This process was definitely helpful in the learning process, but I also believe it will make me a better doctor. Because the actual written information we have about Classical formulas is so sparse, we have to reverse engineer a lot of our understanding from the formulas themselves. Doing this rigorously has enabled Dr. Versluys to be a highly effective practitioner. I hope to mirror his success.
This is a great argument for learning a smaller number of formulas really well. I know in many schools (including those in China) folks memorize many hundreds of formulas. But how many do they understand? Further, what is the purpose of knowing all of those formulas? Do you need a formula for every possible condition? Dr. Versluys used an analogy that I found to be very instructive. Consider two individuals. One has a garage that contains a specialized tool for every job imaginable. A tool for taking the feet off couches, a tool for opening jars, a tool for removing bolts from the dishwasher, a special saw for hardwoods, fifty types of wrenches for different situations, etc…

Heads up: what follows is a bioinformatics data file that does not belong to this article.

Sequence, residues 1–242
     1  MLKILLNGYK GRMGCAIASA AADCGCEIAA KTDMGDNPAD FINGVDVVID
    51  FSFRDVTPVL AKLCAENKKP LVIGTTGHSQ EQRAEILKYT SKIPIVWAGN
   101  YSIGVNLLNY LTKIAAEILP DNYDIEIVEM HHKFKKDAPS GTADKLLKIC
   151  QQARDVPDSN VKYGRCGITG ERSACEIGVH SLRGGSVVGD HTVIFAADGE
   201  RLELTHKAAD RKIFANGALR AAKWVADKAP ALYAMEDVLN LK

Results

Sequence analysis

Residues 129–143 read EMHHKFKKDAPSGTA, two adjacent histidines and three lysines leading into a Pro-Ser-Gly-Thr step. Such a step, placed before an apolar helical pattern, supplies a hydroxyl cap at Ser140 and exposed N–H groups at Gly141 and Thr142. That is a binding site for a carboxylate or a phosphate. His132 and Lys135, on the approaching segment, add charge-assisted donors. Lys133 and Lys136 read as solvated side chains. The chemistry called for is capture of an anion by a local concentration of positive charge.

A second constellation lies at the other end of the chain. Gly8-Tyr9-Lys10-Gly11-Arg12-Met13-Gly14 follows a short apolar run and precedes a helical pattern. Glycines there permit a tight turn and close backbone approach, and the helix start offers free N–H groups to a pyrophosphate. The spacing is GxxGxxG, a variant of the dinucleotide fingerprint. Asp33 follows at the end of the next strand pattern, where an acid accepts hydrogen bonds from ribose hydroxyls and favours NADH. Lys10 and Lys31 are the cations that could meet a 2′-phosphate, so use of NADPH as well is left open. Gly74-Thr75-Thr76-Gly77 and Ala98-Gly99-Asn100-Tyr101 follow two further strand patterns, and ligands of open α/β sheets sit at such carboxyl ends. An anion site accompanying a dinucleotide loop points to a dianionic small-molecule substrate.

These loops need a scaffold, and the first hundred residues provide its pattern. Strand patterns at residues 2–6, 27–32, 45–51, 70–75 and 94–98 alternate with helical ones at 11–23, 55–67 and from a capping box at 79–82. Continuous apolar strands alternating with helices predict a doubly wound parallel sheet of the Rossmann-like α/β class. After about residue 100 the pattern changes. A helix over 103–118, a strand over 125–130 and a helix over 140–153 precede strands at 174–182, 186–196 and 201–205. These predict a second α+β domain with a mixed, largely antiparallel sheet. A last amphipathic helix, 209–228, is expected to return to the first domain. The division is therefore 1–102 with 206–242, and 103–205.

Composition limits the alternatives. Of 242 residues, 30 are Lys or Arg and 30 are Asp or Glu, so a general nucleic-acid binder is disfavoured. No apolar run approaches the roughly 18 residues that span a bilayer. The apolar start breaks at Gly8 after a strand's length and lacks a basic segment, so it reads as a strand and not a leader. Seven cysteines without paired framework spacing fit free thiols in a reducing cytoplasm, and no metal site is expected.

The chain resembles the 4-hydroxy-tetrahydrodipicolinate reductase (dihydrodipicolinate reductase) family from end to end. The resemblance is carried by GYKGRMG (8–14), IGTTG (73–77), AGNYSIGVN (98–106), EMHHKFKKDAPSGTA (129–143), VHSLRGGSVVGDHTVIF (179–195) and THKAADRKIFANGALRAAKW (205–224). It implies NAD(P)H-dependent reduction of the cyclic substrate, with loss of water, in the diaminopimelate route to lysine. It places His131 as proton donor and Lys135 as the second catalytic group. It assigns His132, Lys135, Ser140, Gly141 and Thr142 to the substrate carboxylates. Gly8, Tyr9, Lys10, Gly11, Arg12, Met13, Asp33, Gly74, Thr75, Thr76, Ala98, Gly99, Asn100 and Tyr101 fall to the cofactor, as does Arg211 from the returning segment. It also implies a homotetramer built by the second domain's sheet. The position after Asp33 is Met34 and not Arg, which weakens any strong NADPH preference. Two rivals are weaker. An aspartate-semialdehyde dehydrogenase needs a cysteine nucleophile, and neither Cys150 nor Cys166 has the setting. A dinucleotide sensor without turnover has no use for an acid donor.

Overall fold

The other has a garage with a relatively small number of widely applicable tools. A hammer, a screwdriver, a couple kinds of wrenches, an awl, a saw, etc… When an emergency situation comes up, who is most likely to be able to address it quickly, elegantly, and accurately? Consider who is most likely to be able to find the “right tool for the job” and know the tool well enough to apply it to the specific situation encountered?
I would rather be in the second person’s place – to have a small arsenal of tools that I know as well as I know myself.
About Eric Grey
Hi - I'm the founder of this site and the primary master of all functions here. When I'm not writing, you can find me reaching out to the Chinese Medicine community across the web and in my own backyard. I currently teach Chinese herbs at my alma mater, the National College of Natural Medicine. Additionally, I'm the founder of Watershed Wellness, a thriving local clinic in Southeast Portland in Oregon. No matter where I'm working, you'll find my focus on the Classical approach to Chinese medicine laced throughout everything I do.